Posts Tagged: proust

Language Is All Convention: Talking with Elif Batuman

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Elif Batuman discusses her new novel The Idiot, what it means to be a writer, and the artifice of language. ...more

The Storming Bohemian Punks the Muse #30: Walk On

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This Tuesday was, by no means, a good news day. The night before was the tragedy in Manchester, England, at which a suicide bomber killed children at a pop concert.

But, sad as it is, that is not the story that moved me, on this beautiful Tuesday, to tears.

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(K)ink: Writing While Deviant: Claire Rudy Foster

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It is about the essential parts of story. The bones. The steel rods and rings. The skin that goes white with tension. Tolerating that kind of discomfort takes practice, yes, but it is exhilarating. ...more

The Rumpus Mini-Interview Project #72: Laurie Sheck

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Laurie Sheck is the author, most recently, of Island of the Mad, and A Monster’s Notes, a re-imagining of Mary Shelley’s Frankenstein. A Pulitzer Prize finalist in poetry for The Willow Grove, she has been a Guggenheim Fellow, as well as a fellow at the Radcliffe Institute for Advanced Study at Harvard, and at the Cullman Center for Scholars and Writers at the New York Public Library. 

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(K)ink: Writing While Deviant: E. A. Longfellow

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The way I think about my writing is similar to the way I think about my kink—both have to do with history and the ethics around appropriation. ...more

The Rumpus Interview with Gregory Pardlo

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Poet and Pulitzer Prize winner Gregory Pardlo discusses the reverence for poetry found in other cultures, how he strings a book together, and the future of American poetry in light of our national crisis. ...more

Reading Mademoiselle Gantrel

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We squinted into the smoky room and saw ourselves on junior year abroad, frolicking on the Left Bank with artists in berets like hers. ...more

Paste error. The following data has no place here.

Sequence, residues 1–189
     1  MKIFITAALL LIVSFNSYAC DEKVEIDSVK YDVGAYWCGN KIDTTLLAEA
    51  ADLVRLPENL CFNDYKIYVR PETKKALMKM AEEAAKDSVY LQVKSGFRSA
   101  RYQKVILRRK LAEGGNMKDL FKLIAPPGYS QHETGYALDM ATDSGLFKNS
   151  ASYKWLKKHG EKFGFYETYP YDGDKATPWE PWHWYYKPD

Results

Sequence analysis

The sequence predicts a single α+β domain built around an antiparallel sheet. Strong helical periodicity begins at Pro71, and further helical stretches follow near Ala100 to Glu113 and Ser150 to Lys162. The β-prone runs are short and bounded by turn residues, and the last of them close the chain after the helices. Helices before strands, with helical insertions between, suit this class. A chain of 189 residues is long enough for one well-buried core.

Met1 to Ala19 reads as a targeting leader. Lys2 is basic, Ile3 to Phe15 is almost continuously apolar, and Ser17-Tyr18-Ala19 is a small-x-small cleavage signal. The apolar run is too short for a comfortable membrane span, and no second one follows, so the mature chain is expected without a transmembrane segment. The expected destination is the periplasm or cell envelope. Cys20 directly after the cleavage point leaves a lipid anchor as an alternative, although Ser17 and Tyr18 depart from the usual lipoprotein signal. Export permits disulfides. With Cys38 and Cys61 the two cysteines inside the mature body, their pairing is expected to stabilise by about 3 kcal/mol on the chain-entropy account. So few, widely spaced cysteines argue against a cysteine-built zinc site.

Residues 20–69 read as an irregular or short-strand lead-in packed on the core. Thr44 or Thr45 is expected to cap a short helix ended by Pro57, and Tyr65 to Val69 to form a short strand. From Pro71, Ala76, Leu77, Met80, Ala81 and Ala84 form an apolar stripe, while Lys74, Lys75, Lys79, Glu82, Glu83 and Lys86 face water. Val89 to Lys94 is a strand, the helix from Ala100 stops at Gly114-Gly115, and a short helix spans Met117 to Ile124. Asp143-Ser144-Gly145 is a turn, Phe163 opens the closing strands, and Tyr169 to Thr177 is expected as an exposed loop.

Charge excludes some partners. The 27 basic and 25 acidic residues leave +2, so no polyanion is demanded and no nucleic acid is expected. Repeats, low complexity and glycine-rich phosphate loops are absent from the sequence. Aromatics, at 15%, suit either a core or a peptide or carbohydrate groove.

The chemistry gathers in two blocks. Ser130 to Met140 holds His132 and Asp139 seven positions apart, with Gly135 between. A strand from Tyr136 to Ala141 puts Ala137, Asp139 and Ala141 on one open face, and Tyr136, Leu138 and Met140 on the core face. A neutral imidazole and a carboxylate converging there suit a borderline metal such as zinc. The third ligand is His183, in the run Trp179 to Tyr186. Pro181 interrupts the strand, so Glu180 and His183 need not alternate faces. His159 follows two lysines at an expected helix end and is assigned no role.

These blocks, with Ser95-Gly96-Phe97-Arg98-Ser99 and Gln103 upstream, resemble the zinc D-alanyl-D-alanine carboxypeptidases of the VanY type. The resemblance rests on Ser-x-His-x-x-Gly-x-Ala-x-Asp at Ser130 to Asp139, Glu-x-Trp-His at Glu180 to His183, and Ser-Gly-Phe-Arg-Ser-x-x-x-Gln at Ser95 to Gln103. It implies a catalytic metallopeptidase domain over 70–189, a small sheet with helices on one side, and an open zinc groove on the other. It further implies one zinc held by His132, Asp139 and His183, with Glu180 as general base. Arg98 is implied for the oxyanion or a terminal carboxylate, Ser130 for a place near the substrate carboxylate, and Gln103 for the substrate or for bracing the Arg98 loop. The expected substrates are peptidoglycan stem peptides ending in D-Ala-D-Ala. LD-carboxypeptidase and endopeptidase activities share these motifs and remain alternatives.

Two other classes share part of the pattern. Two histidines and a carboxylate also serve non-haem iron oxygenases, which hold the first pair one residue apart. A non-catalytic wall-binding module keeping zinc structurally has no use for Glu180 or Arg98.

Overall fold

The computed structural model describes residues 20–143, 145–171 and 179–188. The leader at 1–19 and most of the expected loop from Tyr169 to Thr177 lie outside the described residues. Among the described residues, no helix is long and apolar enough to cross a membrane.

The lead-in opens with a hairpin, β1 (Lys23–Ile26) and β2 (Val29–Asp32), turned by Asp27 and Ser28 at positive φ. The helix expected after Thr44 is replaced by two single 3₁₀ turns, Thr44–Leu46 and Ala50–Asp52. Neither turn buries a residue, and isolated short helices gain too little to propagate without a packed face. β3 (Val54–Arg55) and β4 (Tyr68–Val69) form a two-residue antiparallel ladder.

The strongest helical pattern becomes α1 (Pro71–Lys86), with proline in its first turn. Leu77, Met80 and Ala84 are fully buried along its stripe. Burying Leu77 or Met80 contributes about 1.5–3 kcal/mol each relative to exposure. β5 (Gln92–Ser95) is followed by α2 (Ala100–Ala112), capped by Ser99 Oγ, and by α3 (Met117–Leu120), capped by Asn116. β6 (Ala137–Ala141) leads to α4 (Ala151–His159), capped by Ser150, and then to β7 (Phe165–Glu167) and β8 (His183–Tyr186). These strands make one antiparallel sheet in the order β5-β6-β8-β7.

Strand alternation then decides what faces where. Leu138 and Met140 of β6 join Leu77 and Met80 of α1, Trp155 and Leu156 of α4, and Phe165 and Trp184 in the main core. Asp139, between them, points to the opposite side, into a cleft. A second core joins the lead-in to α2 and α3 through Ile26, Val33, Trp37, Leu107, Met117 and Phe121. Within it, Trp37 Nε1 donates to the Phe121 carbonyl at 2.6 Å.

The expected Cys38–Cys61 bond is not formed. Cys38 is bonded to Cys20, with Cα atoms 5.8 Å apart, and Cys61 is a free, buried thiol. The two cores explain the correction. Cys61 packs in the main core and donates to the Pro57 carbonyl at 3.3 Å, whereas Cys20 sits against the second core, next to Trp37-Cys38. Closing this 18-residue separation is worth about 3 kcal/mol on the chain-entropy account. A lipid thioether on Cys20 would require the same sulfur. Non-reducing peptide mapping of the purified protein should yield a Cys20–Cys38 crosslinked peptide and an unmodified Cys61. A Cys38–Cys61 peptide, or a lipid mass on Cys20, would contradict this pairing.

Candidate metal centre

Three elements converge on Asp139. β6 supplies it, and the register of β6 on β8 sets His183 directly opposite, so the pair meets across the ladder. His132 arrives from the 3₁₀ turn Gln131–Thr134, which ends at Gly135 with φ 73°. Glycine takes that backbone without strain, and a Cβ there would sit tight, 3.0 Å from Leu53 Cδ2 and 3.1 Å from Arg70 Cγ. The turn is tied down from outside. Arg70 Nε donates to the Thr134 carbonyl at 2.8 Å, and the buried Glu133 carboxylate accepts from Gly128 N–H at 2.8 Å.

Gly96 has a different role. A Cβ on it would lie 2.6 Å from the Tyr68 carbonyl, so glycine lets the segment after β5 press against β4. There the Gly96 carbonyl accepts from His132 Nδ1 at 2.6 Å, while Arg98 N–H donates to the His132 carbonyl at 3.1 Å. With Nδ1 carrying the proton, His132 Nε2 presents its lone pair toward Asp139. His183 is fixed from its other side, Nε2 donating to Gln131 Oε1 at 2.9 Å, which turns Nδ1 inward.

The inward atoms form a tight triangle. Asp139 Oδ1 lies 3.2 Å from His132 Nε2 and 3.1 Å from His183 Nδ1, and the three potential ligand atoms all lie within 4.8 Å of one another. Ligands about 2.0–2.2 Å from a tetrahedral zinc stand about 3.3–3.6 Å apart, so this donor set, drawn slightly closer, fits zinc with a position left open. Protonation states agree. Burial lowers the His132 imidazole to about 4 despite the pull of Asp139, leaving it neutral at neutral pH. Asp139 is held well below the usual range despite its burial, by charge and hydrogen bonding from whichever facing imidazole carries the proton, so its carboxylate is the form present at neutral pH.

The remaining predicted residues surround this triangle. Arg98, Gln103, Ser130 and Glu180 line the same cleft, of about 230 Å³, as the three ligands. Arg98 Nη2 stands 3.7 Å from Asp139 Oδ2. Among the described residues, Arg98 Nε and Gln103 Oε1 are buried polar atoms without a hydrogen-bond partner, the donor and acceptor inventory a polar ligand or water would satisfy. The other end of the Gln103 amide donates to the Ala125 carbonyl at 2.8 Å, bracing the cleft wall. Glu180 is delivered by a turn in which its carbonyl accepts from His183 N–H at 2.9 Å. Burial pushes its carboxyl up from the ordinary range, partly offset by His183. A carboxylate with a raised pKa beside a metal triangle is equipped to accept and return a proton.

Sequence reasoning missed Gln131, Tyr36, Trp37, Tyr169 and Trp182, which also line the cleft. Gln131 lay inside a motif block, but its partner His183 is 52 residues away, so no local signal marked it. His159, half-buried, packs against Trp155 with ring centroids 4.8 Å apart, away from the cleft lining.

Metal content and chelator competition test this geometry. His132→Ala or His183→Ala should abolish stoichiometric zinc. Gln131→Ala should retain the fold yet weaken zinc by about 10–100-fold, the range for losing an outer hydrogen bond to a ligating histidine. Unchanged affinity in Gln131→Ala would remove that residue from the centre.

The Rumpus Interview with Keith Lee Morris

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Keith Lee Morris discusses his latest book Traveler’s Rest, Lewis and Clark, and how writing a novel about dreams requires much more than sleep. ...more

The Rumpus Interview with Garth Greenwell

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Garth Greenwell discusses his debut novel, What Belongs to You, crossing boundaries, language as defense, and the queer tradition of novel writing that blurs boundaries between fiction and essay and autobiography. ...more

My Evenings Reading Alone

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For nearly ten years I had lain beside him: the snoring was a blow, but, looking back, it was also a necessary portent, an etch in our story, the fuzzy spot on a picture frame you can’t tell is from the photograph aging or a fingerprint that left its caressing mark on the glass. ...more

The Joy of Knausgaard

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For Flavorwire, Jonathon Sturgeon works to define “contemporary” literature and wonders where Karl Knausgaard’s My Struggle fits into the mix. What he ultimately argues is that contemporary literature is often “project based,” and that Knausgaard’s self-exploratory novel is the most definitive example of this kind of work in recent times:

Not only does the title My Struggle claim for Knausgaard the agency to define his own project, it also points to the audacity of its own belatedness.

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The Accidental Buddhist

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“When writing a book once about the Dalai Lama, I was startled to realize that the very core of one of his lessons was expressed for me by none other than the pampered-sounding Frenchman, who notes, at the very beginning of his final volume, as if to put things in perspective, “For in this world of ours where everything withers, everything perishes, there is a thing that decays, that crumbles into dust even more completely, leaving behind still fewer traces of itself than beauty: namely, grief.”

Pico Iyer explains how Proust was an accidental Buddhist over at the New York Review of Books.

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“Ginger Is Good For Taking Care of Yourself”

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“It feels like cheating,” Larissa Pham says in a Gawker essay titled “In My Shopping Cart,” “to write about culture by writing about food.”

But it reads like anything but cheating. Pham wheels us through the grocery aisles of her memory, pointing out the Vietnamese food her family made with American ingredients, childhood treats with forgotten names, and the unexpected privilege of growing up with first-generation American cuisine.

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